Consistent attribute syntax

Eventually, the spec should specify a consistent way to add attributes to at least the following elements: headers, images, code blocks (and maybe even tables, block quotes and inline code and quotes). The most important attributes are certainly id (to enable links to those elements) and class (for styling) which might have shortcuts like #myId and .myClass but other attributes (like width and height for images) are useful as well.

Stmd currently specifies info strings for code blocks. I think this is setting a dangerous precedent that should not be made lightly. Do we really want the first word in an attribute list always to be the class? This would consequently result in headers that are something like ### myHeader ###myClass id=myId.

To enable a generic attribute syntax, I would therefore prefer the one that Pandoc, Markdown Extra and Kramdown use: {#id .class key=val key2="val 2"}, as in:

### myHeader {#myId}

![altText](myImage.png){.myClass width=40 height=50}



``` {.ruby}

paragraph with right-to-left text

> this is a blockquote with the class "pullquote"

1. first item
2. second item

A few more use cases:

Edit: I have put a draft spec together and made a pull request (although discussion should stay here).

Div block syntax
Mermaid - Generation of diagrams and flowcharts from text in a similar manner as markdown
Beyond Markdown
Info strings elsewhere
Links with attributes like target, class, etc
Embedded audio and video
Embedded audio and video
Info strings for suffixed headings
Info strings for suffixed headings
A problem with backtick code fences
Generic directives/plugins syntax
Floating images
Generic directives/plugins syntax
Turning empty link definitions into anchors
Metadata in documents
What could a "spoiler tag" extension look like?
Block Directives
Block Directives
Generic directives/plugins syntax
Css classes on any block
Css classes on any block
Code Blocks Extension for filenames and line numbers
Internal references (anchors) with multiple types
Info strings elsewhere
Anchors in markdown
Creating figures with a caption depending on context (no markup natural convention)
The P tag that holds the IMG tag needs a unique class
New features? colorizing?
Revisting Underline & Healthcare Documents
Generic directives/plugins syntax
Support for image dimensions
Floating images
Generic directives/plugins syntax
Floating images
Generic directives/plugins syntax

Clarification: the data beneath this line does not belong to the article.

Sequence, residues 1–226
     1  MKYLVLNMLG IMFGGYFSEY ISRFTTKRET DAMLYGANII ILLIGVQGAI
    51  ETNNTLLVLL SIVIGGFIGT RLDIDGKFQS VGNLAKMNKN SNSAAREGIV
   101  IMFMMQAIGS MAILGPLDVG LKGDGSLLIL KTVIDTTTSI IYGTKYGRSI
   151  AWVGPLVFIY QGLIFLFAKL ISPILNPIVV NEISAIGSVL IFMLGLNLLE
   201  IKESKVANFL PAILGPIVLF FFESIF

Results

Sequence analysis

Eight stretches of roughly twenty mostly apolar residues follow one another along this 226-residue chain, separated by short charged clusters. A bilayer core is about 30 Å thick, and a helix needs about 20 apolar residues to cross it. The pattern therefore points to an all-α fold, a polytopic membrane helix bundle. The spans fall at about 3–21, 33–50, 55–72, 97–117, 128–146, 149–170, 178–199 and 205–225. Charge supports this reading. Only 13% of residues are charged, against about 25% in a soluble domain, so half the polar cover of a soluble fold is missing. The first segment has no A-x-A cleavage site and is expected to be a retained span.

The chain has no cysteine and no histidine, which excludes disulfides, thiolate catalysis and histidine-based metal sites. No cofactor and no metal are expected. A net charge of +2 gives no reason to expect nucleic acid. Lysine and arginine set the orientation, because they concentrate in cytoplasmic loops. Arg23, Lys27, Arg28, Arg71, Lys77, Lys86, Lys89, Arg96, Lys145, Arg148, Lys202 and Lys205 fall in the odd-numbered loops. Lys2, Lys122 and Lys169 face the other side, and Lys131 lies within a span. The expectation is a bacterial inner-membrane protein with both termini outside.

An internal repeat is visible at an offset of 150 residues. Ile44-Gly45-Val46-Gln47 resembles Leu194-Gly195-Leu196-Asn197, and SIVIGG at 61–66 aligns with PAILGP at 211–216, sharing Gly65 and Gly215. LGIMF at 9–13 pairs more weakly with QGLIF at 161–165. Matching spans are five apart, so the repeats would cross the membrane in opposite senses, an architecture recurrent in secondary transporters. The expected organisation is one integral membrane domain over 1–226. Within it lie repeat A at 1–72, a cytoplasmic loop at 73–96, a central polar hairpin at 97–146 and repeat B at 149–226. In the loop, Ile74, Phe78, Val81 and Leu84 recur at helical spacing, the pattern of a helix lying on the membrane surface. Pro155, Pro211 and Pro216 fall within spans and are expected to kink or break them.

Fenced code blocks should add class to `code` rather than `pre`, matching the HTML best practice
Anchors in markdown
Explicit RTL indication in pure Markdown
Support for image dimensions
Make CommonMark safe by default?
Support for align right?
Markdown Colour Support
Support for image dimensions
Fenced block but not fenced code block
Embedded audio and video
Marking code blocks fragments bold / italic
MultiMarkdown Link and Reference Image Attributes
Fenced Block Types, Generic Extension/Webcomponents, and fallback handling
Mermaid - Generation of diagrams and flowcharts from text in a similar manner as markdown

I agree. But in this very situation where you have a context dependency at an object (e.g. when writing code in a specific language) it would make more sense to me to define it directly at the object initialisation. And I guess classes are the best way to tell context dependencies. But I also agree that just writing the class name after the initialisation is not the right way to do it. What about an abbreviation just for classnames Like the following example:

def foo(x)

the same as:

def foo(x)

This is very developer-y and a syntax that people who are not developers would not understand. I think it is perfectly fine to do this for fenced code blocks, but don’t see a point in doing it for other elements.


Markdown should be easy to write above all … If you need rich meta-data capabilities, remember that HTML is still supported :wink: IMO this is a bad road to take and will just end up making a new kind of XML


I agree that markdown should first and foremost be simple and email-like. But adding attributes is an advanced feature that most people will never use but is invaluable for the few of us that do. That’s why I think having the {...} is a kind of nice way of saying “this is stuff that’s not going to be visible and if you don’t understand it, don’t worry about it”.

Also, there seem to be many requests for even more exotic use-cases. Allowing for standardized attributes seems like a good place to avoid having other markdown processors print the characters intended for customized markdown processors (because inevitably some users will continue to customize processors). For example, someone proposed ![](image.png 700x700) for image dimensions, but in many markdown processors this will result in src="image.png%20700x700". Delegating custom attributes inside curly braces solves that.